Five Places to Hike
If you're looking for some interesting hiking trails, you've come to the right place. Here are five locations you might want to try:
1. The Moosehorn National Wildlife Refuge is comprised of two units. One, at Baring just three miles north of Calais, has 16,080 acres. The other, at Edmunds between Whiting and Dennysville, is 6,665 acres in size. The Refuge offers its visitors more than 50 miles of roads and trails which are closed to vehicle traffic but open to hiking, cross-country skiing and snowmobiling. The Refuge is a breeding ground for migratory birds and other wildlife including the bald eagle, osprey, Canada geese, and ducks. The American woodcock is studied and managed here.
The Refuge is a highly glaciated expanse of rolling hills, large ledge outcrops, streams, bogs, lakes and marshes. It has a diverse forest of aspen, maple, birch, spruce and fir with scattered stands of majestic white pine. The Edmunds unit, located on the fringes of Cobscook and Whiting bays, has several miles of rocky shoreline where 24-foot tides are a daily occurrence. You can get more information by going to the Refuge headquarters Monday through Friday, 7:30 a.m. to 4 p.m. It's located on the Charlotte Road.
2. A brand new 95-acre park has been established at Shackford Head in Eastport. The parking area and start of the trail is next door to the Marine Trades Center. Here you have a hilly peninsula jutting into Cobscook Bay with nearly three miles of craggy shoreline which is passable at low tide, particularly from the Broad Cove side. The main trail from the parking area to the "Viewpoint" is about a mile, and three-year-olds have made it look easy. From the Viewpoint you'll have a panorama from the "Old Friar" headland on Campobello at your left to Lubec with its church-steepled hilltop straight ahead and then a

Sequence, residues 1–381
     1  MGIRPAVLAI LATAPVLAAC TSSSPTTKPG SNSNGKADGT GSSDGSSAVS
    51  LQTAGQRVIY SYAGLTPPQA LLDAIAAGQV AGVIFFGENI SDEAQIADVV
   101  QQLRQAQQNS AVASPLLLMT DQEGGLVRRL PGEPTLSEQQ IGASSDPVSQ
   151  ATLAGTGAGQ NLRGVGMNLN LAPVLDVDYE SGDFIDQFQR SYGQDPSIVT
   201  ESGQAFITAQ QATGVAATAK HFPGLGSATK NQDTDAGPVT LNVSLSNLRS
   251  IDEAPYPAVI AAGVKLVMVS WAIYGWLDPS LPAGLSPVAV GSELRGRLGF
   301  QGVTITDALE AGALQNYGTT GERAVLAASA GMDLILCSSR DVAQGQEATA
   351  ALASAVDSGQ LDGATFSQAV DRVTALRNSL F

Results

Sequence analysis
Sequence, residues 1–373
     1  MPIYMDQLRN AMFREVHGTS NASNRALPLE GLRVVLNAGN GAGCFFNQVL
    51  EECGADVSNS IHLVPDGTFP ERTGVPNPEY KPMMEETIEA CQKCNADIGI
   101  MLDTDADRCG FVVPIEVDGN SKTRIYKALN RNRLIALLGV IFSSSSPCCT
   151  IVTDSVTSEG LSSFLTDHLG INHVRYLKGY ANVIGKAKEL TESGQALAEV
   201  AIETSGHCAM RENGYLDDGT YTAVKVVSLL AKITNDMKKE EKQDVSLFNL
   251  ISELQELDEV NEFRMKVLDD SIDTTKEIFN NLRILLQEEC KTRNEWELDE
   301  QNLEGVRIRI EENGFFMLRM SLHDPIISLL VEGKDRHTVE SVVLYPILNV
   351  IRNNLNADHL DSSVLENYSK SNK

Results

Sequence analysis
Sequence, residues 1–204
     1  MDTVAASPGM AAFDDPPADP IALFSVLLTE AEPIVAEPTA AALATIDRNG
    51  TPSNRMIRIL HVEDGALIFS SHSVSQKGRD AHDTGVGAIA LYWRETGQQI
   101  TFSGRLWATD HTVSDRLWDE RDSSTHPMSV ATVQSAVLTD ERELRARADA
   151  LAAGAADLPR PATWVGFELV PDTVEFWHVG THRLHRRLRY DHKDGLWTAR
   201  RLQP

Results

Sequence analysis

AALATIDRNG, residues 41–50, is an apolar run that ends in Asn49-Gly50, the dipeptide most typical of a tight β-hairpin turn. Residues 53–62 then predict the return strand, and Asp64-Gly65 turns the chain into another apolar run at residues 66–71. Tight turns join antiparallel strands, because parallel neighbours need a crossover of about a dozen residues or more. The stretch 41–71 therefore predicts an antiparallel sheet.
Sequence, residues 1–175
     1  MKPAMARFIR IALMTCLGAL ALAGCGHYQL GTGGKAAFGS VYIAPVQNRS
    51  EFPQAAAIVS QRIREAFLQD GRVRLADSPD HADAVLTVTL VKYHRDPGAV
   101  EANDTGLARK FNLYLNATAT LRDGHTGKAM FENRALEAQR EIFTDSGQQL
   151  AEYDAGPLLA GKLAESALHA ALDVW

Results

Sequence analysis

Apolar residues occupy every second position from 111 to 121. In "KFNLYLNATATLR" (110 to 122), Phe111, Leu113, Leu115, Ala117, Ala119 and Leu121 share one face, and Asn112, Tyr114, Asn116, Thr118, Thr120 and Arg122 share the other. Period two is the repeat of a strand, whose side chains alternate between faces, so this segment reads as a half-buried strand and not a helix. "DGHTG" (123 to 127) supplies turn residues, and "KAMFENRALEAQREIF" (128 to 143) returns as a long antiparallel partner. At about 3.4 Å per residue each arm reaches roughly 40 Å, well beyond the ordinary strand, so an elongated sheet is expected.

sweep of Cobscook Bay, North Lubec and a hint of Perry and Pembroke at your right.
Shackford Head was purchased by the State of Maine in November, 1989 after being proposed by the Eastport Land Trust for public acquisition through the Land for Maineís Future Board. It is managed by the Bureau of Parks and Recreation, if youíre curious. For budding ecologists, the Head is an experience. A total of 104 plant species has been found, none of which are rare or endangered. Twenty-eight bird species were found to be nesting on Shackford Head. Itís a natural laboratory and an important part of Maineís coastal ecosystem.
3. To get to West Quoddy Head State Park you take the South Lubec Road to the easternmost point of the United States. Here you will find the famous red-and-white striped lighthouse, picnicking facilities, outhouses and the start of a two-mile liking trail that follows the 90-foot high rocky cliffs to Carrying Place Cove. Grand Mananís 400-foot cliffs are right in front of you. Carrying Place Cove has some nice sandy beaches at low tide and on the northern end is a true Arctic bog with insectivorous plants. (See Wildflower section).
4. The Roosevelt-Campobello International park, reached by a bridge from Lubec to the Canadian island, has 2,800 acres of deep forest, bogs, cobblestone and sandy beaches, and walking trails that follow the edge of the ocean. One walking trail is complete with a boardwalk and informative signs that describe the plants youíll encounter. Take the dirt road opposite the entrance to the Visitorís Center and Roosevelt Cottage. There are cooking grills and picnic tables overlooking million-dollar views.
5. "Beautiful in all seasons and all weathers, the wild, windswept islands of the Great Wass archipelago are especially memorable on a still, foggy morning. At the top of the ridge of Great Wass Island the fog eddies over bare ledges through the twisted, dark forms of jack pines, touching their needles with crystal drops. Down on the shore, the mists ebb and flow, softening the pink of the granite ledges and turning the sea to a platinum blue"
I wish I had written that, but thatís the way a writer for the Maine Chapter of the Nature Conservancy described the 1,540 acres on Great Wass Island that the Conservancy purchased back in 1978. You can get there by crossing the bridge from Jonesport to Beals Island. Go through Beals and over a causeway. Take the dirt road thatís on the right to Black Duck Cove (about 1.5 miles) and youíll see the parking lot on the left.